This is a documentary about Quincy Jones, the iconic American musician, composer and producer. His career spans decades. Emmys are still dropping in his wake. Swing, rhythm and blues, hip hop, movie soundtracks; his creations have all left their indelible mark. He’s an extraordinary man, and this should be an extraordinary story but, unfortunately, it’s not. It’s all very pretentious and feels more like a presidential promo than a rock legend’s biography. And unlike Quincy’s music, it’s got no soul.
Quincy grew up in poverty on the south side of Chicago. His mother was institutionalized when he was seven and he and his brother were brought up by his father and grandmother. His street urchin days are related by Quincy in an intimate voiceover but, just as we’re connecting, the film cuts away to the present. This keeps happening and, while flashbacks might work in drama, they fatally fracture a stroll through personal history.
Artists who claw their way from rags to riches usually have poignant moments to tell about agonies of self-doubt, but not so Quincy. Once he laid his eyes on a piano, the music, and his life, began. He hopped nimbly from one stepping stone to the next and was soon working with the greats, who welcomed him into the fold. It’s a charming fairytale and matches the glossy footage of Quincy rubbing shoulders with the rich and the famous. But we already knew Sinatra was his buddy, and we assume Oprah returns his calls, so that’s not what we wanted to see.
Strangely, there’s a complete absence of interviews with people who knew Quincy along the way. Some of them might agree with the maestro’s version of how the cards fell, but others would surely not, and it’s those that are the most intriguing. Quincy admits to being a workaholic and geniuses are often tyrants, but no musicians were invited to dispel this cliché. He also admits to being a womanizer, but voiceovers from two of his exes offer only platitudes about workloads, lack of personal growth, and dah-de-dah-de-dah.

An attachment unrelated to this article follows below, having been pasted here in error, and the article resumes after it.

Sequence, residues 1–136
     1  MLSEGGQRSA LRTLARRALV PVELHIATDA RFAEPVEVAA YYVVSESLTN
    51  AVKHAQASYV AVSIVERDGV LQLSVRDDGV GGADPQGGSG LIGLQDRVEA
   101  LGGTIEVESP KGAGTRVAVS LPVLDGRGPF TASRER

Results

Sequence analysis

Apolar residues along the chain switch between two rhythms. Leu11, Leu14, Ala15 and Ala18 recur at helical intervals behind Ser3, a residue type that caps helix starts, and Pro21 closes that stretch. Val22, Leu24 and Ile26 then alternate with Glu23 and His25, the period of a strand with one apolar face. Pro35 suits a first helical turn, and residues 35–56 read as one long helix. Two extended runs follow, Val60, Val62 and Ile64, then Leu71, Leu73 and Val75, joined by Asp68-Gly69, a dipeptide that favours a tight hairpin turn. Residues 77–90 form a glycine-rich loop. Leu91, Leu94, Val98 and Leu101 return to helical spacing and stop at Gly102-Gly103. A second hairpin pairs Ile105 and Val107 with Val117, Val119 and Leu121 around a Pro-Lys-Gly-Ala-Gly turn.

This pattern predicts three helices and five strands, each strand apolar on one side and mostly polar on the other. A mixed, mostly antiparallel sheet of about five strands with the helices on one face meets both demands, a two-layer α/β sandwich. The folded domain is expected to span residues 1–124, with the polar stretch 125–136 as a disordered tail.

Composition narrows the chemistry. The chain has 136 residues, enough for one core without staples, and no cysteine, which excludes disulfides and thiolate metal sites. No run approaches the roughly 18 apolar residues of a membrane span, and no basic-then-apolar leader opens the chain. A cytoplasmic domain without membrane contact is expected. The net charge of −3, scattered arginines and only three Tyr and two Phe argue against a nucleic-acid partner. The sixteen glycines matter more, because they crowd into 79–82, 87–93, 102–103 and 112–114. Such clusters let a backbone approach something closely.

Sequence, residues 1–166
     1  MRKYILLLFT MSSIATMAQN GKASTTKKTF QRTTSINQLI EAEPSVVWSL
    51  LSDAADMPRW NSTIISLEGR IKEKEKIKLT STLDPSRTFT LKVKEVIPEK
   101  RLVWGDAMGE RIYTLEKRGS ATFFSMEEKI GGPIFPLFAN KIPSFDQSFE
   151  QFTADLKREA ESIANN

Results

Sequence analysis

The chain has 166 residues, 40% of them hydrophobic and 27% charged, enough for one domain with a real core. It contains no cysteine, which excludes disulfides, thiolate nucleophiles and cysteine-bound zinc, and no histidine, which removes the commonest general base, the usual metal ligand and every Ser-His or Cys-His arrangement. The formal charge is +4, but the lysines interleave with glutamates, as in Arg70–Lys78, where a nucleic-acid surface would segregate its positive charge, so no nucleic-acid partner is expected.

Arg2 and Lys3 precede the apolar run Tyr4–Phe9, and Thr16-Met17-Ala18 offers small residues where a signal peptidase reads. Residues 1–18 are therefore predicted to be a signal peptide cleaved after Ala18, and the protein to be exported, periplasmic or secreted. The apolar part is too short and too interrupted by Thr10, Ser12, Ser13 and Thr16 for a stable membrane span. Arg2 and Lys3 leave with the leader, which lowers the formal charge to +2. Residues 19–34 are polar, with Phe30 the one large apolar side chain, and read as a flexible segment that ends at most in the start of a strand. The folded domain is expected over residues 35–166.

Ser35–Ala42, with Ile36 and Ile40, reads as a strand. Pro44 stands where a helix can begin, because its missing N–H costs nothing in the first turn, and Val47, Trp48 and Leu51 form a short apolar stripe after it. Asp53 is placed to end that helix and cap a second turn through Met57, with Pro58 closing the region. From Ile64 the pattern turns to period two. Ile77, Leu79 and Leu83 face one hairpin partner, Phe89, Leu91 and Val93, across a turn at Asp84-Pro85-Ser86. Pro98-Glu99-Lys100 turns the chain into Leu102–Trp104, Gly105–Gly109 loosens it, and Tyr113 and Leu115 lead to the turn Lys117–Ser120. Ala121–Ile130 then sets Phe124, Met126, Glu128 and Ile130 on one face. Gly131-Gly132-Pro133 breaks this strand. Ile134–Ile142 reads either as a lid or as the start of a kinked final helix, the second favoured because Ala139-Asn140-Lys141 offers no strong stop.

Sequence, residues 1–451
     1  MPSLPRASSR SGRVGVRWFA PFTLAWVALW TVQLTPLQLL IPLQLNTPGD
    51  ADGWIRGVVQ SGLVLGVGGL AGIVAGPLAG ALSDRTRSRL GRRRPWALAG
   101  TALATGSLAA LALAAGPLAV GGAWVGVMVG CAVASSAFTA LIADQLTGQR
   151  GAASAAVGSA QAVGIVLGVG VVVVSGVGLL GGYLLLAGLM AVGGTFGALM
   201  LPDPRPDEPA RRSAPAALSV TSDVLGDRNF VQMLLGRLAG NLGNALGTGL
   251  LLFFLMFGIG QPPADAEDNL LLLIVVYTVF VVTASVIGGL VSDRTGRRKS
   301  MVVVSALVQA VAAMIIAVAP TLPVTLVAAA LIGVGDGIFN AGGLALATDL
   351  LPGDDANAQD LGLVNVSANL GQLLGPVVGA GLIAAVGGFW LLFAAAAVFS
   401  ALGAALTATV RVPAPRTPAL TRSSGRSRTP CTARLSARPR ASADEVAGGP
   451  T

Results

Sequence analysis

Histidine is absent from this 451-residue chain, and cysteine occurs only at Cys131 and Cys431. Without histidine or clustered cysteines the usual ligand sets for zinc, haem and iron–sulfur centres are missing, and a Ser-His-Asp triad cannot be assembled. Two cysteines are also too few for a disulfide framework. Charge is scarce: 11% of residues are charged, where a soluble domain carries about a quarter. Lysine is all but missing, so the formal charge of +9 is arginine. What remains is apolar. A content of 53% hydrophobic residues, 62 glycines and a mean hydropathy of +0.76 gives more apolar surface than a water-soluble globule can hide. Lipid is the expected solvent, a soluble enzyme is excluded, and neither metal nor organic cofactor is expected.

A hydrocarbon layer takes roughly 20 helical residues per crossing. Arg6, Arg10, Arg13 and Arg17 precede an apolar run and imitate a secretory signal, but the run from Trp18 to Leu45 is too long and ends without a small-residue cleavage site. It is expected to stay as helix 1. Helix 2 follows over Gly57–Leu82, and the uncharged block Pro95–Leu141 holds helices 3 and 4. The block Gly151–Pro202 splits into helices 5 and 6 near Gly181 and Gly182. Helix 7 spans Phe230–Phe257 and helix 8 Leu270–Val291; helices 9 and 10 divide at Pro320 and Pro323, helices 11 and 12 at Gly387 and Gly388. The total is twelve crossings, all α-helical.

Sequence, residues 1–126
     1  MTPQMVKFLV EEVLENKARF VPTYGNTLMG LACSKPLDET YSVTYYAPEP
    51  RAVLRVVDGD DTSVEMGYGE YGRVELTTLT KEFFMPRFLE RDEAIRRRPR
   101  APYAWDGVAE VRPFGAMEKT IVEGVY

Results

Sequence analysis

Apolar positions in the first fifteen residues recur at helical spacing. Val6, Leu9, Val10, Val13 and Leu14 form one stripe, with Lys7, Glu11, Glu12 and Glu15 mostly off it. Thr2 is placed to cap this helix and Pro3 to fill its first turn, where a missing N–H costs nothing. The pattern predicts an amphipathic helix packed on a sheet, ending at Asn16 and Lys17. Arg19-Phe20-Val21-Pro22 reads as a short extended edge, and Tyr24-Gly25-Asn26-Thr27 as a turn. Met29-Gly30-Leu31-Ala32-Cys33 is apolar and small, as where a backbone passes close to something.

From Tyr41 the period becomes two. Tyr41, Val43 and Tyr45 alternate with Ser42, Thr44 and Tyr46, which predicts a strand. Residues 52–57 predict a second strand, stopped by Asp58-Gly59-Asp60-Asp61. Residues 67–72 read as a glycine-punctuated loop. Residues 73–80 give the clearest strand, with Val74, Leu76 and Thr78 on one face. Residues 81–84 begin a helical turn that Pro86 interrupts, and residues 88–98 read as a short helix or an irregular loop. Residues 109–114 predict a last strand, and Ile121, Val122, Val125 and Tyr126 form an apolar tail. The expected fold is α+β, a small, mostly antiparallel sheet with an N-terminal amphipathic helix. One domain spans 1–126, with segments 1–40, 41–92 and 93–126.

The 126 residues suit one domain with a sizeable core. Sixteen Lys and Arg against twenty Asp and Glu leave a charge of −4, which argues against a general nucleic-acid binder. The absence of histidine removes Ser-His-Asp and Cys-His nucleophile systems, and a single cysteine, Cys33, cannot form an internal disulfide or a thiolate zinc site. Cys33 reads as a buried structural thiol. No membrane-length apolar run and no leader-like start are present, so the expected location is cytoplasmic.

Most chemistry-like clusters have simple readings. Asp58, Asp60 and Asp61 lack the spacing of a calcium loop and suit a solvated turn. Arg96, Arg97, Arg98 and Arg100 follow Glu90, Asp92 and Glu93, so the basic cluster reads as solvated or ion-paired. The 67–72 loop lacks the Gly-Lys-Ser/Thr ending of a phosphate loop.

Quincy sired six daughters and a son, but the only one who is given face-time is Quincy Jones Junior. He utters a few guarded words and Quincy Senior’s response is equally impersonal. There are plenty of Kodak moments with Quincy blowing out birthday candles, surrounded by his offspring, and some staged scenes of them all gathered around his hospital bed. But these women are never identified, let alone invited to speak.
However, there is one daughter who pops on and off the screen quite regularly, and that’s Rashida, the writer, producer and director of this documentary. Which is when it gets interesting. What explanation did she give her five sisters for not interviewing them about their father? Or did she in fact interview them but whatever they said got left on the cutting room floor? It that’s the case, perhaps another of the Jones Girls will be stepping up and Quincy 2 will soon be gracing our screens.
Streaming on Netflix now.
Produced by Le Train Train, Bob’s Your Uncle, Pesmen.
Executive producers: Jane Rosenthal, Berry Welsh, Adam Fell.